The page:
During the nine months ended September 30, 2016 , we recorded restructuring and other charges of $4.4 million . During the fourth quarter of 2015 , we approved a global realignment plan that is expected to allow us to more efficiently meet client needs across our international platform. Through improved integration of global resources, the plan will create back office and other efficiencies and allow for the elimination of approximately 100 positions. As required by law, we are consulting with each of the affected countries’ local Works Councils throughout implementation of this plan.
 
As of September 30, 2016 , the Company has recognized $5.5 million in restructuring charges related to this plan, of which $0.3 million , $4.2 million and $1.0 million related to the North America, International and Other segments, respectively. This plan is expected to be completed during 2016.

No restructuring activities occurred during the nine months ended September 30, 2015 .

Income from operations

Income from operations decreased by $7.8 million , or 42.5% , from $18.3 million during the nine months ended September 30, 2015 to $10.5 million during the nine months ended September 30, 2016 . As a percentage of revenue, income from operations was 1.3% and 2.4% during the nine months ended September 30, 2016 and 2015 , respectively. This decrease is primarily attributable to the restructuring charges and changes in fair values of contingent consideration discussed above, partially offset by higher gross profit margin and lower selling, general and administrative expenses as a percentage of revenue.

Other expense
 
Other expense decreased by $1.1 million from $4.3 million during the nine months ended September 30, 2015 to $3.2 million during the nine months ended September 30, 2016 . This decrease is primarily driven by losses on foreign currency transactions in the International segment in the prior year due to exchange rate fluctuations across multiple currencies.
 
Income tax expense

Income tax expense increased by $1.9 million from $6.1 million during the nine months ended September 30, 2015 to $8.0 million during the nine months ended September 30, 2016 . Our effective tax rate was 109.2% and 43.7%  for the nine months ended September 30, 2016 and 2015 , respectively. Our effective income tax rate differs from the U.S. federal statutory rate each year due to certain operations that are subject to tax incentives, state and local taxes, and foreign taxes that are different than the U.S. federal statutory rate. In addition, the effective tax rate can be impacted each period by discrete factors and events.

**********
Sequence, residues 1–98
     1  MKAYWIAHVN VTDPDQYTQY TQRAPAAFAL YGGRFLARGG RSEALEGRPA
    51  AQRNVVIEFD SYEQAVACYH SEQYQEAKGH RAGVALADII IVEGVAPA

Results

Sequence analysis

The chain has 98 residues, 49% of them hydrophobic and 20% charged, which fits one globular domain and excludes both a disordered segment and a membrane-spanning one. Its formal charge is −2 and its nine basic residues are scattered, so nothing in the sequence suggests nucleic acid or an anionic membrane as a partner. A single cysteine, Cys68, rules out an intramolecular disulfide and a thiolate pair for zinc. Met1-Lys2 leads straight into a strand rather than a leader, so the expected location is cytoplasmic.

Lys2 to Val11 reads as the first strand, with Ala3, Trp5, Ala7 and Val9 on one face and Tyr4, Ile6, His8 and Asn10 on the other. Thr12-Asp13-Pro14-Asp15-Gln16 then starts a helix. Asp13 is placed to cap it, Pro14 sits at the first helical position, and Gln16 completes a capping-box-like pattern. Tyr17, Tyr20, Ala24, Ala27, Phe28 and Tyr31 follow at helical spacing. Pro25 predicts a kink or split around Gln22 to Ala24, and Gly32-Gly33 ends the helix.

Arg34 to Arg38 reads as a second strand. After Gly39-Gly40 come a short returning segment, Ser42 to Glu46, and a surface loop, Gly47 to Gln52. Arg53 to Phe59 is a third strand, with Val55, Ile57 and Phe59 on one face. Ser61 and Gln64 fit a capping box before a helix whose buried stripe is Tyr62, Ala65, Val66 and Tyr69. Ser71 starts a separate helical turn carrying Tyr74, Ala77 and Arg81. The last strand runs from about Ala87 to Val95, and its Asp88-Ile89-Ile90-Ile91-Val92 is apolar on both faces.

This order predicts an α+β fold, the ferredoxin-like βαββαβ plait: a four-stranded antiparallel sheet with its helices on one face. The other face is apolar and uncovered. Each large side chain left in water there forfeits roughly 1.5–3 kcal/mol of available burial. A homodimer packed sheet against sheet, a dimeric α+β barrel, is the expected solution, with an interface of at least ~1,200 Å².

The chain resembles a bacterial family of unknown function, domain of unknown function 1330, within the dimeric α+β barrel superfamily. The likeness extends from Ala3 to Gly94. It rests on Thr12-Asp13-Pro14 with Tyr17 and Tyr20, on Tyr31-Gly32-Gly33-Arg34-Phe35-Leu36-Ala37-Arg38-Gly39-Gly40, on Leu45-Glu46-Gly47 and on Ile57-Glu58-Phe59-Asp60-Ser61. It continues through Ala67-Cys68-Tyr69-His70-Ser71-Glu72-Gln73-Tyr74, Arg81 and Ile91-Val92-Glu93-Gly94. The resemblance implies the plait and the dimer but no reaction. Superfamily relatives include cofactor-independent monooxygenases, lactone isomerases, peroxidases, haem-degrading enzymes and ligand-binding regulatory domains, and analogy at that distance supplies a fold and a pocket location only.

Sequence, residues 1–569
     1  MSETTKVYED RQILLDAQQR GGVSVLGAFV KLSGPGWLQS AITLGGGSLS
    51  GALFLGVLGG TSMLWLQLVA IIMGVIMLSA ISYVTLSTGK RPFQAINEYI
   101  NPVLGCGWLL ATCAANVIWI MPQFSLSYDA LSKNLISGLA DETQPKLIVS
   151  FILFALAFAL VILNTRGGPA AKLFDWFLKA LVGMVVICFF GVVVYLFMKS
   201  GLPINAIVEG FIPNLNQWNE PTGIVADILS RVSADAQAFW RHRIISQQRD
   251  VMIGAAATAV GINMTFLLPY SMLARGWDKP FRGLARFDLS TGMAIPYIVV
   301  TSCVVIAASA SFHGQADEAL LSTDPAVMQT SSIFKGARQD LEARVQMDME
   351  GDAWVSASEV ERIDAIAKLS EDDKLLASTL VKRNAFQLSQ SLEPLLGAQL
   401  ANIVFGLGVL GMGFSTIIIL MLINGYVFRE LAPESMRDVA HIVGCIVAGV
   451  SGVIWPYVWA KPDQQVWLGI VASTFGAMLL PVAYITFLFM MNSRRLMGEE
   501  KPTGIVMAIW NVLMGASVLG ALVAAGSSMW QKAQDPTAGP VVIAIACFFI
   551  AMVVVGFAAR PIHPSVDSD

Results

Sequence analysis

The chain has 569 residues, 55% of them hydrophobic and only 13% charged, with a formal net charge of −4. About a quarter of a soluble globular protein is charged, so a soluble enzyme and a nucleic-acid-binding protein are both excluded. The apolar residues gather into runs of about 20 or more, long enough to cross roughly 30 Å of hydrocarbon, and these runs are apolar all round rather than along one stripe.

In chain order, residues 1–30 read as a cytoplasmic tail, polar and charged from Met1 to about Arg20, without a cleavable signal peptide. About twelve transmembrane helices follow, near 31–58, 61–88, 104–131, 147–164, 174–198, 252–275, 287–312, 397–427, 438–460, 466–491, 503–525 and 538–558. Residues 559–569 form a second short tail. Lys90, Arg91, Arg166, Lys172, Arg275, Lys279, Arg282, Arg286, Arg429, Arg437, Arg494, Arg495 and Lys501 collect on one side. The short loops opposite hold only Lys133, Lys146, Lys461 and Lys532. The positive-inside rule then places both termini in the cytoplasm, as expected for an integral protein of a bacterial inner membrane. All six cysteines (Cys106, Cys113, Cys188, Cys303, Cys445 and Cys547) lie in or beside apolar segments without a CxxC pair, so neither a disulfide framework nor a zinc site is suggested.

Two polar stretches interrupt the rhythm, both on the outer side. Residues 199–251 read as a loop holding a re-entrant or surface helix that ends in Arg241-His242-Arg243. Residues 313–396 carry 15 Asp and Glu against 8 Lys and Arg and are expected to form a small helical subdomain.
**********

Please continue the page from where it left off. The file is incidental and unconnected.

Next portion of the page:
The effective tax rates were affected by the fair value changes to contingent consideration in each period. Portions of the total amount recognized from fair value changes to contingent consideration relate to non-taxable acquisitions for which deferred taxes are not recognized, consistent with the treatment of goodwill and intangible assets for those acquisitions under U.S. GAAP. In the nine months ended September 30, 2016 and 2015 , $10.0 million and $ 1.7 million was recognized as expense from fair value changes to contingent consideration, respectively, which did not result in recognition of a deferred tax asset, therefore, increasing the effective tax rate for these periods. Additionally, the global realignment plan resulted in restructuring and other charges in jurisdictions which have valuation allowances against tax loss carryforwards, so a tax benefit has not been recognized

24


in the financial statements. Excluding the impact of these transactions in each period, the effective tax rate was 34.9% and 39.0% in the nine months ended September 30, 2016 and 2015 , respectively. The increase in the effective tax rate in 2016 is primarily due to forecasted changes in pre-tax income mix by jurisdiction and the effect of valuation allowances on the tax losses of certain entities.
 
Net income (loss)
 
Net income decreased by $8.6 million , or 108.6% , from $7.9 million during the nine months ended September 30, 2015 to a loss of $0.7 million during the nine months ended September 30, 2016 . Net income as a percentage of revenue was (0.1)% and 1.0% during the nine months ended September 30, 2016 and 2015 , respectively. This decrease is primarily due to restructuring charges and changes in fair values of contingent consideration discussed above, increased other expense and a higher income tax expense discussed above, partially offset by higher gross profit margin.

Diluted earnings per share  
 
Nine Months Ended September 30,
 
2016
 
2015
(in thousands, except per share data)
 
 
 
Net income (loss)
$
(676
)
 
$
7,868

Denominator for dilutive earnings per share
53,536

 
53,457

Diluted earnings (loss) per share
$
(0.01
)
 
$
0.15


Diluted earnings per share decreased by $0.16 from earnings per shares of $0.15 during the nine months ended September 30, 2015 to loss per share of $0.01 during the nine months ended September 30, 2016 . This decrease is primarily due to the decrease in net income discussed above.

Adjusted EBITDA